Normally, all page content is loaded gradually. Regardless of whether the user also looks at all content. In the current development to ever longer pages with larger and larger images (which comes to a head in the one-pagers), large amounts of data are often loaded, to which the user never gets (be it because he leaves the site before or clicks on a link) – which of course is unfavorable for both sides.
Here helps the “lazy” shop. The images are only loaded when the user, ie the browser, also reaches the corresponding point on the page in which the image is displayed. This can lead to the fact that it always takes a moment until the corresponding image is loaded, so again and again an empty space can be seen. But the initial loading of the page itself is much faster. And above all, less “useless”, because not noticed, data loaded.
For this so-called “Lazy Load” there is a jQuery plugin that can be easily integrated and do the rest:
Lazy Load Plugin for jQuery .
In order not to have this short loading effect of the empty area, the pictures can already be loaded “shortly” before the user is in the appropriate place.
Tips for pictures in WordPress
Since many readers use WordPress, I have a few tips for this beautiful CMS.
Thumbnails in WordPress
From every uploaded image, thumbnails are created by default, ie small thumbnails. In the backend under “Settings” → “Media” you can change the generated image sizes. But this is only so for future image uploads and should therefore ideally be done directly after the first set up the WordPress site.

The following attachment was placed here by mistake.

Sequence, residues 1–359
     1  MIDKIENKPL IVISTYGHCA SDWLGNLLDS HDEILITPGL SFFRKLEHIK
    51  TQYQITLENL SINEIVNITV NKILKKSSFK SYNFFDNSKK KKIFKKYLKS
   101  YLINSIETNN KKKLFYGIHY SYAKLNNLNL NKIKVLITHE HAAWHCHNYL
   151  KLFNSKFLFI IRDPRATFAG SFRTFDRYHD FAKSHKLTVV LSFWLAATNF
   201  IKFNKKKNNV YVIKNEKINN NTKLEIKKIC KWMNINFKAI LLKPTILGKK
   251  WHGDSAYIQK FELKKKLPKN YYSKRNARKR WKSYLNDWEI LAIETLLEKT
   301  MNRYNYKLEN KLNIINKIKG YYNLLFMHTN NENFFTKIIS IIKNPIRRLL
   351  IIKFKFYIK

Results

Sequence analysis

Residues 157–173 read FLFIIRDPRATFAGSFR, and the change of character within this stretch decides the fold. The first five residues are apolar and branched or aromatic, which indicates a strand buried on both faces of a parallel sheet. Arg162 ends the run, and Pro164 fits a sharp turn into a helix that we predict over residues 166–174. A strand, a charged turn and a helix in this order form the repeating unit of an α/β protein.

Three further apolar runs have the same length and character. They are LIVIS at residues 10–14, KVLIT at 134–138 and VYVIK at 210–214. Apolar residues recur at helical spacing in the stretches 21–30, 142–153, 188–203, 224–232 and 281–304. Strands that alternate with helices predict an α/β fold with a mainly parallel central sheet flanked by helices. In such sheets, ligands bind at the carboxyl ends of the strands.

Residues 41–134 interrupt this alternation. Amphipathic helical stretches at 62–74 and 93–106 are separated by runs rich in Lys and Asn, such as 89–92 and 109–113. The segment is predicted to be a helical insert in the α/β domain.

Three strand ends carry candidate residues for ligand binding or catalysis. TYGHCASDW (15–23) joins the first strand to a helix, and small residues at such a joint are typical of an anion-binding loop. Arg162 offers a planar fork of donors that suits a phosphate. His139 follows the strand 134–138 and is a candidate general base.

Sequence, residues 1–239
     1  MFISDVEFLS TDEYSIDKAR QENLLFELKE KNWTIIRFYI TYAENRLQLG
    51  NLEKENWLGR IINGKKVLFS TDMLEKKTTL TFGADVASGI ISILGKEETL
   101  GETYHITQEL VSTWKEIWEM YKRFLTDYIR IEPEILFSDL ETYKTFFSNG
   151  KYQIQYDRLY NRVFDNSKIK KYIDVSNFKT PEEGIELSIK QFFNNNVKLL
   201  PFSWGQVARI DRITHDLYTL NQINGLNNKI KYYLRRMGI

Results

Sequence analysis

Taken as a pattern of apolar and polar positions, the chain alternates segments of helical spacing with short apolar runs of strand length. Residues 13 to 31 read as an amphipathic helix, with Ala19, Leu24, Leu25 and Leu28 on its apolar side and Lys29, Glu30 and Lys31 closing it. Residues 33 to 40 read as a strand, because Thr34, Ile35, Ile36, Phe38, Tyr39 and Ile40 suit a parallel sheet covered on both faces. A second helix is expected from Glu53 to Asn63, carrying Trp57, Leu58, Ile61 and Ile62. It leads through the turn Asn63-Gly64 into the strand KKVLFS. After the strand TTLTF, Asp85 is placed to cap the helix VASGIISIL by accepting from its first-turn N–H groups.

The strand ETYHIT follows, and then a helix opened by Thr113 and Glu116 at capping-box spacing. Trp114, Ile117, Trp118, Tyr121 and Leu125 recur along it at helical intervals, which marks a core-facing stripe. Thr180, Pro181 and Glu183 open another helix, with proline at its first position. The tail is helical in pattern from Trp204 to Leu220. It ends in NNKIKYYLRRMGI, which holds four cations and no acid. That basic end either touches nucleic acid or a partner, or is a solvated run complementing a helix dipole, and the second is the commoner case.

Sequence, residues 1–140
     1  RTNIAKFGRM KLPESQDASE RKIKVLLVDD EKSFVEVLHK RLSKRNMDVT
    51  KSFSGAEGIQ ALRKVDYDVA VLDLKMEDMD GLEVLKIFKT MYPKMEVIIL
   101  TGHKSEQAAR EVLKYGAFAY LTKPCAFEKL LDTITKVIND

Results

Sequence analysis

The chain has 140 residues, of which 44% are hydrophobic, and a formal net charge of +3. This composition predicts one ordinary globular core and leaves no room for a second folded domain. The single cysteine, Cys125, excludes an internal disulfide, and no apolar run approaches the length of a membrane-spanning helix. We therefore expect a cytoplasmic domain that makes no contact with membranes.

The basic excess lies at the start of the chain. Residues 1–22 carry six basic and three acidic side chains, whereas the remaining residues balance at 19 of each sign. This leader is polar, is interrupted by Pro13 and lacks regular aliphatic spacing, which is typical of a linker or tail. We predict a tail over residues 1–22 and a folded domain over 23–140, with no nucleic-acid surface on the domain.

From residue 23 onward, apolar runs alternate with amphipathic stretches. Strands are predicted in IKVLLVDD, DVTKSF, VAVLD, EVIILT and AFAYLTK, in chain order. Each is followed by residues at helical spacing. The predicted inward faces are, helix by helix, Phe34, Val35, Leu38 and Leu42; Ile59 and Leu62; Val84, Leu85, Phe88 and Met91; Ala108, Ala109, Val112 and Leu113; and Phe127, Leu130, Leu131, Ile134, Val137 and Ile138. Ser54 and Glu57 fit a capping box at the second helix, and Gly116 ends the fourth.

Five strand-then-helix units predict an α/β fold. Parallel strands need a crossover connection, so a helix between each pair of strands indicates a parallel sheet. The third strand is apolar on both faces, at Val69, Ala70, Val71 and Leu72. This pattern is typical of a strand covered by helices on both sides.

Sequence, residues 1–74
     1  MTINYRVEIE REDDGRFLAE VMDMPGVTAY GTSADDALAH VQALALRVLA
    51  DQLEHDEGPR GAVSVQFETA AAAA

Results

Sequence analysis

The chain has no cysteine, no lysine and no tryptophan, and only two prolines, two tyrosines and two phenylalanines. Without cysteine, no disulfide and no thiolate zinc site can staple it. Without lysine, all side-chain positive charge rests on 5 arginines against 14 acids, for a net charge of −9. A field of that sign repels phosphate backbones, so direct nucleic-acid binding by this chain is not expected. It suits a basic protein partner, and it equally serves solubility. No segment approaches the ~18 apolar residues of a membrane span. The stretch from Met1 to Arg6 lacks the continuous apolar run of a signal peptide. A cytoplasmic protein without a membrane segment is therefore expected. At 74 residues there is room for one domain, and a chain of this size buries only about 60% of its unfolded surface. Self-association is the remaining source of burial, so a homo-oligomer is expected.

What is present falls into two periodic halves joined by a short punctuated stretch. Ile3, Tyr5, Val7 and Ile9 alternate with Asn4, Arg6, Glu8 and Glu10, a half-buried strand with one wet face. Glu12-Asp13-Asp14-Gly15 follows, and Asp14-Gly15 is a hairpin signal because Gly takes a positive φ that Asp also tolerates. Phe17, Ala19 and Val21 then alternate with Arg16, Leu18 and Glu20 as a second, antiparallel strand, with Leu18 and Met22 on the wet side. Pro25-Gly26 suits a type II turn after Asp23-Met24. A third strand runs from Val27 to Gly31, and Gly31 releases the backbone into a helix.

If you need additional previews in other dimensions, you can specify this in functions.php. A few helpful tips can be found in the article image sizes in the WordPress theme .
If you want to adjust the previews later, this works well with the plugin Regenerate Thumbnails .
Compress images in WordPress
Above, I have already presented a few tools to optimize images, or the amount of data. With the plugin https://wordpress.org/plugins/wp-smushit/ the images can be compressed loss-free directly in the WordPress backend and, if desired, the file size can be adjusted. The images can either be compressed directly when uploading or at the touch of a button all already existing simultaneously (or in the free version always 25 together).
This way the pictures can be optimized later on. The plugin also indicates whether an image has already been compressed or not.
Load pictures later
Above, I introduced the technique of the “Lazy Load”. There are of course also suitable WordPress plugins, including Lazy Load WordPress .
Optimizing images is part of the standard work of a web designer. This starts with the correct image size and file format and sometimes ends only when “lazy loading” …
What I almost forgot: At the very beginning, of course, the question could be whether an image is needed at all . Is he irreplaceable in understanding the content? Not infrequently, large-format images are used, which should look especially “nice”. For example, large format landscapes, which are not even directly related to the topic of the website or the content. Despite all the “visuality” that we are exposed to and in which it means to “enforce” and attract attention:
Maybe it is sometimes better to use fewer images and instead refine the typography!
So, in this article, I’ve introduced some aspects and techniques to optimize your images in the future and to keep the user experience as great as possible for your visitors, or not to worsen by unnecessary amounts of data.
If you have more tips, always here in the comments!